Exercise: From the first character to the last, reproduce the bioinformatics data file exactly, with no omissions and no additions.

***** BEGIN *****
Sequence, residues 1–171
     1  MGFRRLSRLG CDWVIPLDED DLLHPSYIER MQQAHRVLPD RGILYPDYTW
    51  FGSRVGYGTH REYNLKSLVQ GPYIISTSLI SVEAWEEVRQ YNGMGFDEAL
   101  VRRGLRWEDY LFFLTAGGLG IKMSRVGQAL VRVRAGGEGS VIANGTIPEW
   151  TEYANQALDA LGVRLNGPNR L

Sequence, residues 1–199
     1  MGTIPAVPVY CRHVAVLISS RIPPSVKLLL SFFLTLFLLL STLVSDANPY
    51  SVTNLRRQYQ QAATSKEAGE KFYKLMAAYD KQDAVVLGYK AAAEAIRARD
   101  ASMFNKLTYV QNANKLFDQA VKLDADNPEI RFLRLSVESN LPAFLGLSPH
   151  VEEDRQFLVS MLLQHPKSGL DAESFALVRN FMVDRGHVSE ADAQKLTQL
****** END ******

Sequence, residues 1–171
     1  MGFRRLSRLG CDWVIPLDED DLLHPSYIER MQQAHRVLPD RGILYPDYTW
    51  FGSRVGYGTH REYNLKSLVQ GPYIISTSLI SVEAWEEVRQ YNGMGFDEAL
   101  VRRGLRWEDY LFFLTAGGLG IKMSRVGQAL VRVRAGGEGS VIANGTIPEW
   151  TEYANQALDA LGVRLNGPNR L

Sequence, residues 1–199
     1  MGTIPAVPVY CRHVAVLISS RIPPSVKLLL SFFLTLFLLL STLVSDANPY
    51  SVTNLRRQYQ QAATSKEAGE KFYKLMAAYD KQDAVVLGYK AAAEAIRARD
   101  ASMFNKLTYV QNANKLFDQA VKLDADNPEI RFLRLSVESN LPAFLGLSPH
   151  VEEDRQFLVS MLLQHPKSGL DAESFALVRN FMVDRGHVSE ADAQKLTQL